Brace Yourself: New Global Warming Study Shows That Temperature Spikes Are Coming

Sarah Myles

A new study by climate change scientists has been published in Science, and aims to address claims that the apparent "slowdown" of global warming over the past decade invalidates the concept of man-made climate change. While the slowdown is indeed real, the study highlights what the authors characterise as a "false pause" in the warming of the planet -- something that is likely caused by the interactions of the oceans -- but suggests that temperatures will very soon begin to rise again.

The broad conclusion of the study finds that the cool temperatures of the Pacific Ocean have essentially been offsetting the effects of man-made global warming. As reported by Science, it is known that temperatures in the Pacific Ocean switch between cool and warm as part of a two-decade cycle, called the Pacific Decadal Oscillation, which incorporates the more famous, and more frequent, El Nino warming and cooling processes. The last El Nino event in the late 1990s was part of an ongoing Pacific cool phase. When this phase comes to an end, and a transition to a warmer phase occurs, the "false pause" will be over, and warming will accelerate once more. The "pause" is considered "false" because 14 of the 15 hottest years on record have occurred since the year 2000.

The lead author of the study, Byron A Steinman, explained the implications of the new research to the Guardian.

"It [the new paper] has important implications for understanding the slowdown. I think probably the biggest thing that people should understand is there is randomness in the climate system. The recent slowdown in no way invalidates the idea that continued burning of fossil fuels will increase the Earth's surface temperature and pose a substantial burden on human society."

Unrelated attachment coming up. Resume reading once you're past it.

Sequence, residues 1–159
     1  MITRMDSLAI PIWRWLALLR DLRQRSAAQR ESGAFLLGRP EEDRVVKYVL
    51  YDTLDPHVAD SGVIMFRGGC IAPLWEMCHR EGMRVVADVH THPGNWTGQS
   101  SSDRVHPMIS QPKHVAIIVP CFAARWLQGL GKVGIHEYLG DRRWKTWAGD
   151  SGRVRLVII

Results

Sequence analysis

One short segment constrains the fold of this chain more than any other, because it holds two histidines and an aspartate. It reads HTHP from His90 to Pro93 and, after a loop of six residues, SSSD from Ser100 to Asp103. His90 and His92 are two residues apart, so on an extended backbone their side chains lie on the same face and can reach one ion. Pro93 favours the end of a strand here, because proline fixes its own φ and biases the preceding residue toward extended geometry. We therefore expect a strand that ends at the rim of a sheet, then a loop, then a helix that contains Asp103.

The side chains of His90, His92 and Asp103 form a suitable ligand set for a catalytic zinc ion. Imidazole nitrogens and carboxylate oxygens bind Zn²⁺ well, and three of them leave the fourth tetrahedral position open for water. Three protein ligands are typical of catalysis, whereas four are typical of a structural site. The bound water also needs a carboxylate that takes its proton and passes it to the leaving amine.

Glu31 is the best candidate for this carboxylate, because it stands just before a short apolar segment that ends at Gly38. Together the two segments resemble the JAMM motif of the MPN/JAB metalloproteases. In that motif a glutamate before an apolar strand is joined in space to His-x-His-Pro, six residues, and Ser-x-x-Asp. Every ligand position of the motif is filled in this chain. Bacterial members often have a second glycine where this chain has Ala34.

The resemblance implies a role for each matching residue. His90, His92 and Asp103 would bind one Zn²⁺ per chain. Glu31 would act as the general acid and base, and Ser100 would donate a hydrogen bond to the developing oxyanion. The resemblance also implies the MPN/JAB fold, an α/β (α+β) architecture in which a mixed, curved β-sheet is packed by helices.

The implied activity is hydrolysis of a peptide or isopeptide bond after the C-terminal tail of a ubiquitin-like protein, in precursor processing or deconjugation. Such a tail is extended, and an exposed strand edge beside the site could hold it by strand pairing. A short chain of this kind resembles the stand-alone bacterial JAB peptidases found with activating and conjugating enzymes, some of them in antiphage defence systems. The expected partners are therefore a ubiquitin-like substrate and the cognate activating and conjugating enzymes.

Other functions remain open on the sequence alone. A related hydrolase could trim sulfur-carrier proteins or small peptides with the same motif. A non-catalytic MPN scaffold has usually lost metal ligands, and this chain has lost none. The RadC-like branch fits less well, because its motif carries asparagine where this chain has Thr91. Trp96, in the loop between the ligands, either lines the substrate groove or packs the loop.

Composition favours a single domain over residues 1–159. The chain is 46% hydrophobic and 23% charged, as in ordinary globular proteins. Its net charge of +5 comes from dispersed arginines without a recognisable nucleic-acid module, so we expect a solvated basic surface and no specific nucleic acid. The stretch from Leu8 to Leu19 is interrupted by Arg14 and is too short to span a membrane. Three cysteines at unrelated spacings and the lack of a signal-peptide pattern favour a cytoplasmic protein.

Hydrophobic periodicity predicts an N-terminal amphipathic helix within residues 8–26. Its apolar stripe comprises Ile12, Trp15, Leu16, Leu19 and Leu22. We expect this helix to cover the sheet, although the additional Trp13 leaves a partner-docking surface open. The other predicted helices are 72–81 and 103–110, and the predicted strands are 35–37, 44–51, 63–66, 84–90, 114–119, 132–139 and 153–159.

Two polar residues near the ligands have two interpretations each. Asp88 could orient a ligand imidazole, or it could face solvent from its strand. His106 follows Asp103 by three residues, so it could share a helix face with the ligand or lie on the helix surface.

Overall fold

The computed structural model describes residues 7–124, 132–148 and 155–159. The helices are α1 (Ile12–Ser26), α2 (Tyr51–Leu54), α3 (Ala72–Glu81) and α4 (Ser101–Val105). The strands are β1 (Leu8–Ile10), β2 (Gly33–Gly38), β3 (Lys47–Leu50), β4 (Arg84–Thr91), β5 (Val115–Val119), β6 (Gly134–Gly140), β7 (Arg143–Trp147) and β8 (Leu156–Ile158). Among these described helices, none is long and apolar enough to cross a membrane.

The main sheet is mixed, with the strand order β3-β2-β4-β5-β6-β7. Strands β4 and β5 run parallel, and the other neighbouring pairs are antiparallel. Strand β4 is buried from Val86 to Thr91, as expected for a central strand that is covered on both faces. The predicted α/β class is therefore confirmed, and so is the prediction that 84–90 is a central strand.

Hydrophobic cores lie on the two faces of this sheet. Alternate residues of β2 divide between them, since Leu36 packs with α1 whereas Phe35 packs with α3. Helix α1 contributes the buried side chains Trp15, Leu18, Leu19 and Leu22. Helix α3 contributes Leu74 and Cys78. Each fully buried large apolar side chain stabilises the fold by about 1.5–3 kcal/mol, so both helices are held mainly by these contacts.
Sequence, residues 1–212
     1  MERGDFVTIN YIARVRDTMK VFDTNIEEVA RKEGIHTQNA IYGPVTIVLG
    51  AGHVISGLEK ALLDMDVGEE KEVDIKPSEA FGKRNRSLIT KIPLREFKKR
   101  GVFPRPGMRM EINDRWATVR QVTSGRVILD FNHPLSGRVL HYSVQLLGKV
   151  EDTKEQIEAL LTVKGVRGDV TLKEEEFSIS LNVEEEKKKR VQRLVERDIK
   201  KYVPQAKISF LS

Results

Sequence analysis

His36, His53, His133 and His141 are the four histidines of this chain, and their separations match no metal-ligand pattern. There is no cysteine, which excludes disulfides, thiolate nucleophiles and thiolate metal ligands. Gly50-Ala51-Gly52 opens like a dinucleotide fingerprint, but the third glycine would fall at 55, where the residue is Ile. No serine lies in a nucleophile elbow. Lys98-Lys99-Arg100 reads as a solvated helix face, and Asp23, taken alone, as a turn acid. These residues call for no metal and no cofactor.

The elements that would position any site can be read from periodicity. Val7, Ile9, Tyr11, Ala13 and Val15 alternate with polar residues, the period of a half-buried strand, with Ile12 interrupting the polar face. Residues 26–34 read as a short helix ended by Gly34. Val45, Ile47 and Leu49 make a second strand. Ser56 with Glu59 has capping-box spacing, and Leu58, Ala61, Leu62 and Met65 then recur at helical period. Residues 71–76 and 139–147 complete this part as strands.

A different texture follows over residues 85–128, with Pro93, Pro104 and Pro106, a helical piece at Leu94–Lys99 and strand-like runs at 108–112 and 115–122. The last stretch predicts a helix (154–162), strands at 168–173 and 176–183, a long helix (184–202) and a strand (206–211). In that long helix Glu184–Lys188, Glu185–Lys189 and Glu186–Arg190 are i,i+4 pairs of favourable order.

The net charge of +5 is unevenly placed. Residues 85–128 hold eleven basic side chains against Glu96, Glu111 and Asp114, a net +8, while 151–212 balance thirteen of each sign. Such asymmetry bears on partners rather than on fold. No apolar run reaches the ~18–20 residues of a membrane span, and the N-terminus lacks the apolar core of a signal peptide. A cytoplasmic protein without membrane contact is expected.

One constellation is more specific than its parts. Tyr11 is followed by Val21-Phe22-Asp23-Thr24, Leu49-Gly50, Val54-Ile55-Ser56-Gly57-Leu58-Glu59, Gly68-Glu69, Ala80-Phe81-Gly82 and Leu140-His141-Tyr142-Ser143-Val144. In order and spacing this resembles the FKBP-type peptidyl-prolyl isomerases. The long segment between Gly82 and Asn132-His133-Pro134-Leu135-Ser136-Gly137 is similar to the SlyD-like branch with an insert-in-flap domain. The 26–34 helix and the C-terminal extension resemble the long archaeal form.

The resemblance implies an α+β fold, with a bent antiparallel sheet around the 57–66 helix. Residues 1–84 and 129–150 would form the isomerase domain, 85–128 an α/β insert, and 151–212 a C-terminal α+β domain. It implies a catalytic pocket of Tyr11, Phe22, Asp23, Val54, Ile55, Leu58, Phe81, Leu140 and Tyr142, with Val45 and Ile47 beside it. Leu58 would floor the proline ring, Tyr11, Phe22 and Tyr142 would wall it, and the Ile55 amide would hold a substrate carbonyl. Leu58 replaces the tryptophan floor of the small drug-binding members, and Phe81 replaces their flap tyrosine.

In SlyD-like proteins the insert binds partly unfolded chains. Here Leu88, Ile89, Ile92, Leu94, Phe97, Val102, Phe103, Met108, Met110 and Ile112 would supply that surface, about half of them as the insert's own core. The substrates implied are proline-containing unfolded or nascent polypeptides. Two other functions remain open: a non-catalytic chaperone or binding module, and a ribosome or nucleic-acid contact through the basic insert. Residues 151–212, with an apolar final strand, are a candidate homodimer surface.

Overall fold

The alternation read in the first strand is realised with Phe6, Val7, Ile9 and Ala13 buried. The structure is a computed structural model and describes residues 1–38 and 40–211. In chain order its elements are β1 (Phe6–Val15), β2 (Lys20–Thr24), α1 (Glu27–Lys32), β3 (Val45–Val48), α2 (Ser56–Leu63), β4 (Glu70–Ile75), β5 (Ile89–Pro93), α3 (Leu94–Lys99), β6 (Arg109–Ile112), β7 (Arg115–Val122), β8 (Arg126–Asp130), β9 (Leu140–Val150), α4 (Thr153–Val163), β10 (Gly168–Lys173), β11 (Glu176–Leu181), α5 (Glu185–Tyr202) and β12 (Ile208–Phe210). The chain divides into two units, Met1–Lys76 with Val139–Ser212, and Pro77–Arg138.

Writing for Real Climate, co-author of the study Michael E Mann described how the natural processes found by this research can be seen to interact with the problematic man-made changes.

"Our conclusion that natural cooling in the Pacific is a principal contributor to the recent slowdown in large-scale warming is consistent with some other recent studies, including a study I commented on previously showing that stronger-than-normal winds in the tropical Pacific during the past decade have lead to increased upwelling of cold deep water in the eastern equatorial Pacific. [It] is perhaps the most worrying implication of our study, for it implies that the 'false pause' may simply have been a cause of false complacency when it comes to averting dangerous climate change."

Climate change scientists hope that studies such as these will keep attention focused on the 2015 United Nations Climate Change Conference planned for Paris in December. The event aims to create a legally binding agreement, signed by all the nations of the world, to take urgent action on global warming.

[Image: Ian Waldie/Getty Images]